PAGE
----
If you didn’t stay up ‘til just before midnight last night watching the Boston Celtics’ heartbreaking loss (heartbreaking, at least, if a fan of the green team), then this post might not interest you, or so you think. Stick with it a few more sentences however, so you’ll see where I’m going.
Basically, an aging team, beaten up, besieged by injuries and a steep underdog, rode their future superstar, Rajon Rondo, to the brink of pulling a huge upset. Instead, a few missed calls and officiating that seemed to be set upon protecting the NBA’s two certified superstars, Dwyane Wade and LeBron James, and marginalizing Rondo and Boston’s star Paul Pierce (who fouled out), prevailed; or so one kind of narrative goes. I haven’t listened to WEEI today, so I’m only guessing.
On game days, we often trade emails, and text back and forth during the game, since we can’t watch games together, like in the past. He’s in Providence for now.
This morning, I woke up after five hours of sleep, ready to hit my work day hard, but requiring a couple of cups of coffee to ensure my effectiveness. I was disappointed that my team had lost to a team that I really dislike. My son sent the following email just prior to 9:00, in response to my thoughts that the Celts, despite being down now, 2-0 in the series, still have the potential to rally at home, in Boston, and possibly turn the momentum.
I’ll excerpt what I think is are the key elements of his main point in reply.
I think a lot of people will be counting out the celtics from here on out. I still like their chances as minimal as they are.
I hope Rondo’s takeaway from last night’s game and these whole playoffs is to ignore/never rely on the refs/get an even bigger chip on his shoulder.
As much as I like the NBA, a lot of it has been turned into drive like crazy to the basket and let the refs bail you out. As great as Wade and Lebron (as well as Pierce) are, I think there is a place for a superstar to be so dedicated in his game that he never contests a foul call good or bad. Even Tim Duncan does that wide-eyed look whenever he doesn’t get a call. The challenge, and maybe the greatest challenge for any basketball player in the NBA is to accept the officiating for what it is and rise above it regardless of how bad it is and never let it be an excuse.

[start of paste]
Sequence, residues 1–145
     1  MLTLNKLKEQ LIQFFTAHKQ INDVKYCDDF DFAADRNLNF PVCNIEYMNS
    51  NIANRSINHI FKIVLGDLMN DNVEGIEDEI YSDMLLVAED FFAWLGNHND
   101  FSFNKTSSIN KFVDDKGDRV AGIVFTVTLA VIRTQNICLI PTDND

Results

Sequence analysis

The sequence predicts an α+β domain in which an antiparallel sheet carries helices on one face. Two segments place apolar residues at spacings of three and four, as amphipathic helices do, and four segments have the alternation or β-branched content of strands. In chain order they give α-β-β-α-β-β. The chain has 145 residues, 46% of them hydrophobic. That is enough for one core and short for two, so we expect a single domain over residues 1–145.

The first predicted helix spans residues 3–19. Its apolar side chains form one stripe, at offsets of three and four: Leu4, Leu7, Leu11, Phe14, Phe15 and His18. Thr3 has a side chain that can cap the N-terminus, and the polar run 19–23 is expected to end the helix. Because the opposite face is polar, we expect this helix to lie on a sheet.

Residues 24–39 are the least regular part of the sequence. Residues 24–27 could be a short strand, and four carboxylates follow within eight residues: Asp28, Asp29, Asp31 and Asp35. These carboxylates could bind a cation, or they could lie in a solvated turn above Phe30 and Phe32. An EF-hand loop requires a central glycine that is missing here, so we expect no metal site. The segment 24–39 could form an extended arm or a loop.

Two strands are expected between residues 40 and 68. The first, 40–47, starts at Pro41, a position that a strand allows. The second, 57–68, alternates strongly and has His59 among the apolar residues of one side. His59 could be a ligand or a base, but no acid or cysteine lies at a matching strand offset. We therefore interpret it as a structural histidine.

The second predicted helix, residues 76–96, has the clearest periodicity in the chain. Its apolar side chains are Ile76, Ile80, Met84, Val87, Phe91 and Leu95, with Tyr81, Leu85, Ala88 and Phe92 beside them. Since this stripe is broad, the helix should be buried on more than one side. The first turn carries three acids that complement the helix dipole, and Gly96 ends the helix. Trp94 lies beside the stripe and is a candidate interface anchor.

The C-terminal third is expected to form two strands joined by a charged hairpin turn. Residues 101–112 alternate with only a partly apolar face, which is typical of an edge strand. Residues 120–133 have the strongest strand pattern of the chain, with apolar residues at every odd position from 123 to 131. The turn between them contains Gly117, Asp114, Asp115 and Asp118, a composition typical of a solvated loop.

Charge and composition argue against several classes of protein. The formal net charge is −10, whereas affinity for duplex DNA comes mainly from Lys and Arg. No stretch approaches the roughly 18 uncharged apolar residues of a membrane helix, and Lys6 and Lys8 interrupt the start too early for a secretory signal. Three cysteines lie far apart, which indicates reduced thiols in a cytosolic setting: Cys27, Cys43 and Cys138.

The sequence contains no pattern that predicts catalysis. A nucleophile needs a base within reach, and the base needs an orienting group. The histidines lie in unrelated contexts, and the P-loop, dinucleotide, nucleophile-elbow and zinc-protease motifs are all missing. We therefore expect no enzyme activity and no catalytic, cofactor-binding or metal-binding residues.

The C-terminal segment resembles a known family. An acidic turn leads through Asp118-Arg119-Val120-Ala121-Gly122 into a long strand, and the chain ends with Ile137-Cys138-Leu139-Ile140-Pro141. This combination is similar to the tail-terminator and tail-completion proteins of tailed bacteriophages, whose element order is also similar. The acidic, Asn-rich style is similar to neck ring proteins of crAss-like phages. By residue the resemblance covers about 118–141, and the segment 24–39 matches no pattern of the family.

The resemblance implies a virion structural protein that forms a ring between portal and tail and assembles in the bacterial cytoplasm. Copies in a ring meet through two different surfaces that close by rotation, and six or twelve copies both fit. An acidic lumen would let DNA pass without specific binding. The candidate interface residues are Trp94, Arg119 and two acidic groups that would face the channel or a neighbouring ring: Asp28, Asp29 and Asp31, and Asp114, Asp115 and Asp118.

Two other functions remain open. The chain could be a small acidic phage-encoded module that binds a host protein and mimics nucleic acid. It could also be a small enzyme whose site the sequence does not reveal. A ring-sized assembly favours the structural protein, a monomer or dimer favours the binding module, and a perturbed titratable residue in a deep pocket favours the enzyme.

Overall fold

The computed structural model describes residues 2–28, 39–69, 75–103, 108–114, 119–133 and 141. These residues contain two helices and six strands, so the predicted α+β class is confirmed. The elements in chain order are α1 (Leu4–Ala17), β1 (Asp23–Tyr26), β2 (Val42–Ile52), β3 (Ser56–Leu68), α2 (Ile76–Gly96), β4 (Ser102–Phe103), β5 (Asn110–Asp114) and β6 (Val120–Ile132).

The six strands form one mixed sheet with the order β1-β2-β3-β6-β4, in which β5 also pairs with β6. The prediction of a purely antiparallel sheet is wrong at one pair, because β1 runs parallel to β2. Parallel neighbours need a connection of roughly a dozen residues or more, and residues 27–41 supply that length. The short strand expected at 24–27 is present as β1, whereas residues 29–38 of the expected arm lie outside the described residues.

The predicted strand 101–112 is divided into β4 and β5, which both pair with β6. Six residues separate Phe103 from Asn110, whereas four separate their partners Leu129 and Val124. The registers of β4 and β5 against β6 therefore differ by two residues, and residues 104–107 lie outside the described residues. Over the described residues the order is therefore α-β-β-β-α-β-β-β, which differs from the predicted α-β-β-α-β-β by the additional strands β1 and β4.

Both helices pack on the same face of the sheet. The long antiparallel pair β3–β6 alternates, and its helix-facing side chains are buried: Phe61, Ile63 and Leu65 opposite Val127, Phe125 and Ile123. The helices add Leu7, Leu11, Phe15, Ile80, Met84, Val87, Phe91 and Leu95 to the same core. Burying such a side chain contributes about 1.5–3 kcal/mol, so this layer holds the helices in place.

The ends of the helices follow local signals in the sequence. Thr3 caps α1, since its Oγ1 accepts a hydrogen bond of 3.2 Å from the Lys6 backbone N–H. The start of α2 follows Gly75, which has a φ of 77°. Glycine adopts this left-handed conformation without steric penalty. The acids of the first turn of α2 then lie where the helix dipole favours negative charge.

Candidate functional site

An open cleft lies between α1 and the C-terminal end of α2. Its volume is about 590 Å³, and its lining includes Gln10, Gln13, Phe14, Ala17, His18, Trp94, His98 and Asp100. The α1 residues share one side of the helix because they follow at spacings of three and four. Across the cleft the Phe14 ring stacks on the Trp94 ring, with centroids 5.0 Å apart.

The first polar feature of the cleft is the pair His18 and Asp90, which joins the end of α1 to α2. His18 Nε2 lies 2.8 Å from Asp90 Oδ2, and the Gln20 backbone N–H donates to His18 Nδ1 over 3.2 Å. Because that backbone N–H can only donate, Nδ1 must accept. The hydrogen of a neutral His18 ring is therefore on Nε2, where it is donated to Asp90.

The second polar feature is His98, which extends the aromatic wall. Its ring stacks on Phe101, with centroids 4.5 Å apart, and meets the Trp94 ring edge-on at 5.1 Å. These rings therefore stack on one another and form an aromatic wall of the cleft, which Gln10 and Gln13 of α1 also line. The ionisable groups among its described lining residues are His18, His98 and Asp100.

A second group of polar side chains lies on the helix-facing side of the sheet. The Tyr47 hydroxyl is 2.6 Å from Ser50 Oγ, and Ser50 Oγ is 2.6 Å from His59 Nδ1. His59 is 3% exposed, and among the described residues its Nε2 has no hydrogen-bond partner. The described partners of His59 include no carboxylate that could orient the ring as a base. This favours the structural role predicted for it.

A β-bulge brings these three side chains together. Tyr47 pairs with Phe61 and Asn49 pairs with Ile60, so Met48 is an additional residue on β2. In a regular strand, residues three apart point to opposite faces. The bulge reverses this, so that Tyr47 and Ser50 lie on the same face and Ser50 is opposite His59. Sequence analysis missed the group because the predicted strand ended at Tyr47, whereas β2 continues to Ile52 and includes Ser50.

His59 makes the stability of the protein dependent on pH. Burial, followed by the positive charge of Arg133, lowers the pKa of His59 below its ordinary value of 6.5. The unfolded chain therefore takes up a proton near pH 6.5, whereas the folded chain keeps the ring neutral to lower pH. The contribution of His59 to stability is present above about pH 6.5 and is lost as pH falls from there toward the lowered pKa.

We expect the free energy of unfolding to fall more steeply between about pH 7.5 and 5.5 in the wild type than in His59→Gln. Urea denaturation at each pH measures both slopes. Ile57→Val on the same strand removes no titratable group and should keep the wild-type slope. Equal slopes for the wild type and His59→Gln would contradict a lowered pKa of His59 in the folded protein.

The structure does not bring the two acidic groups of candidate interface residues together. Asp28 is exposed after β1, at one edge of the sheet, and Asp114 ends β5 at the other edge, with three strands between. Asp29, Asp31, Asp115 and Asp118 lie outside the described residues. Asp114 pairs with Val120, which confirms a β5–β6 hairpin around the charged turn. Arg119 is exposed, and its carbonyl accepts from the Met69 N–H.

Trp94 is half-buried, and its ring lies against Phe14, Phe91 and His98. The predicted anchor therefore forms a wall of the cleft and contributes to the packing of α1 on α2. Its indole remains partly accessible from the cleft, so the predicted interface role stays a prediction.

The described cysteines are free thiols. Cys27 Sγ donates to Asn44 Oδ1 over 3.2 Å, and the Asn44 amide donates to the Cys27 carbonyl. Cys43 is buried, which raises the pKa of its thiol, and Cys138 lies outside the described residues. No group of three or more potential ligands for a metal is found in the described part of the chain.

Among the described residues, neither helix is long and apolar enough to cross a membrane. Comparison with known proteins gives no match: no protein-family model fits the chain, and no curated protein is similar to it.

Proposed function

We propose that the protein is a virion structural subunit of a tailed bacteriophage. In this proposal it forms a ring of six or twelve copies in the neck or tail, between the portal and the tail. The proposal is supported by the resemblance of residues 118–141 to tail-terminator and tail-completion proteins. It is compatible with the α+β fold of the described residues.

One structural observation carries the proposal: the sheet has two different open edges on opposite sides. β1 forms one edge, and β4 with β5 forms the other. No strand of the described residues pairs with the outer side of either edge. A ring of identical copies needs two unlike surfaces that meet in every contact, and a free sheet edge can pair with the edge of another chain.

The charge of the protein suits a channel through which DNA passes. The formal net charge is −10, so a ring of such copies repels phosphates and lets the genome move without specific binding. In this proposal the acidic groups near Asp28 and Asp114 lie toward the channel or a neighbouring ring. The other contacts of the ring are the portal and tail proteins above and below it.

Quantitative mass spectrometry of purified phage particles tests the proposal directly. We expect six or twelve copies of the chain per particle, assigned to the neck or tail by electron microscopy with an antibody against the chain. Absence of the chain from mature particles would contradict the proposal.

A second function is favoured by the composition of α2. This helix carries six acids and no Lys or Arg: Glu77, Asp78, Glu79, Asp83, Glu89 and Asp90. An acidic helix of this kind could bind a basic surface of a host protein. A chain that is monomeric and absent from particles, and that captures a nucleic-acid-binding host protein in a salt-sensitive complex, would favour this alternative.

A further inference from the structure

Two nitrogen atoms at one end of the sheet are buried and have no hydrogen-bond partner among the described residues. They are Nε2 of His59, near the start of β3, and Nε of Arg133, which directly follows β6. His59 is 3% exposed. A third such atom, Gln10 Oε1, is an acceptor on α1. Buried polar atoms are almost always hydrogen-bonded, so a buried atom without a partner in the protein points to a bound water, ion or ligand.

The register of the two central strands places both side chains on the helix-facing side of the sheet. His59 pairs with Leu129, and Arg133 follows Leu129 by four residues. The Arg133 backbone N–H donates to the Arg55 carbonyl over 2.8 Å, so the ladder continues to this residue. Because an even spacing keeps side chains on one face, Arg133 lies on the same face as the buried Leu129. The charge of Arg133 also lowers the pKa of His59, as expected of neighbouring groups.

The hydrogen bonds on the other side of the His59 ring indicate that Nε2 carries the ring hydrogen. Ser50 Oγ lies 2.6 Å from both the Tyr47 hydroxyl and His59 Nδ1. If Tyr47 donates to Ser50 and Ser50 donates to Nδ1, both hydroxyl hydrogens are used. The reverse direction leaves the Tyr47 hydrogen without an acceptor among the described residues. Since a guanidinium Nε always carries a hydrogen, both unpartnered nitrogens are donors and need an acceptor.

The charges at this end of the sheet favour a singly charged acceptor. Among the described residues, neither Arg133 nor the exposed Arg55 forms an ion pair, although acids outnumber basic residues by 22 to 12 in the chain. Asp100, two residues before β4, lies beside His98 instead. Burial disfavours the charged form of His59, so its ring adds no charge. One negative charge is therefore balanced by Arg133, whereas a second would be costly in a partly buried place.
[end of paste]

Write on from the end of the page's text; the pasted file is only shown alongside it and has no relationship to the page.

His email went on to say that he hoped Rondo takes the high road and that his takeaway from this loss (and missed call )is that he doesn’t focus on what he can’t control (the officiating) and focuses on what he can control (becoming a consistently great player.
I think the greatest thing he could say regarding the missed call was that he didn’t get back on defense after he was hacked and it led to an easy basket for the Heat. I don’t mean to be overly critical of Rondo. It’s asking a lot of someone who just played the best basketball game of his career to be even better, but I think he’s capable of being the best player on a night in and night out basis and I just want to see him get there.
My son’s take on this carries weight. He walks his talk. When his baseball career came apart his senior year, while his team ended up going on to the Division Three World Series, in 2006, he never made excuses. He just worked harder. I think his life embodies this. He even once walked across America in 80 days. I learn lessons from my 28-year-old son.
Tuesday, I found out that my employer of almost six years is laying me off at the end of June.
I plan on making lemonade and getting the most out of opportunities that I believe are out there for people with ability that don’t make excuses and work harder at their craft.